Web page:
Staples to Drop Ads on Sinclair TV Newscasts
Staples Inc., the world’s largest retailer of office products, will no longer advertise on Sinclair Broadcast Group Inc.'s local television news programs, a spokesman announced Tuesday.
The decision was partly based on e-mails sent by individuals who identified themselves as customers and complained that Sinclair’s political commentary was one-sided, said Owen Davis, spokesman for Framingham, Mass.-based Staples. He did not specify the amount of advertising but said it was a “very small” part of Staples’ overall media buy.
David Brock, spokesman for Media Matters for America, said it was the first victory for the liberal group formed in December to persuade advertisers to drop Sinclair, which was thrust into the public spotlight last year.
As one of the largest TV station owners in the country, the Hunt Valley, Md.-based operation drew criticism when it centralized the news operations of many of its stations nationwide. In May, Sinclair banned its seven ABC affiliates from showing a “Nightline” roll call of military dead in Iraq, calling it political commentary “disguised as news content.”
And shortly before the November election, Sinclair planned to air a film critical of Democratic presidential candidate John F. Kerry’s military record. After the plan was publicized, prompting advertiser defections and a plummeting stock price, Sinclair instead aired an Oct. 22 special that incorporated parts of the anti-Kerry documentary and another film more sympathetic to Kerry.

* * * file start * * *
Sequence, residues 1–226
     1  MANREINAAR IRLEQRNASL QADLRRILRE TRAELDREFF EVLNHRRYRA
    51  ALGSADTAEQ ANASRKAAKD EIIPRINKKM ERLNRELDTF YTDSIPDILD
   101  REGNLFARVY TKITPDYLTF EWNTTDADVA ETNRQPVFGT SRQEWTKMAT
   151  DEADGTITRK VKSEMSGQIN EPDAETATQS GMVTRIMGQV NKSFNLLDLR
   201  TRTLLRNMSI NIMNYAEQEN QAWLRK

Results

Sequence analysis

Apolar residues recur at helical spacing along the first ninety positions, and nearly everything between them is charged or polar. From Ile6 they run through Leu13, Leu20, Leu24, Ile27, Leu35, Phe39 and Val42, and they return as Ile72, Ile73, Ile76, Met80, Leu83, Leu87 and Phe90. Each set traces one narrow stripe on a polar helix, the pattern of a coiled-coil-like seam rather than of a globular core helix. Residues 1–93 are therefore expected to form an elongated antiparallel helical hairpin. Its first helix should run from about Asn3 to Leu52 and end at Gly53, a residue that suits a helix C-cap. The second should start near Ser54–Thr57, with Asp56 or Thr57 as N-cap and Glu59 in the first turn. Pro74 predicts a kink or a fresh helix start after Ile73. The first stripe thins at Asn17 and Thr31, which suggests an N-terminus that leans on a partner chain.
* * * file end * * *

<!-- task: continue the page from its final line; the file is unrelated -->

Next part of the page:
In the wake of Kerry’s defeat, the liberal coalition launched a website asking consumers to e-mail advertisers protesting what it called Sinclair’s “misuse of public airwaves,” in particular a daily one-minute commentary called “The Point” by Sinclair spokesman Mark Hyman.
Brock said more than 30,000 e-mails had been sent to Sinclair advertisers, including Staples. “We were hoping to engage Sinclair in a constructive dialogue about their conservative bias in their newscasts and ‘The Point,’ ” he said.
Hyman was not available for comment. In the past, he has called Democrats “the angry left” and pointed to a liberal bias in the media.
Staples spokesman Davis said the e-mails used “similar language” about the programming and stated that they were sent by a Staples customer.
Davis did not specify the number of e-mails Staples had received. But, he said, it was enough that it warranted consideration.
“Certainly, we take the concerns of our customers seriously,” Davis said.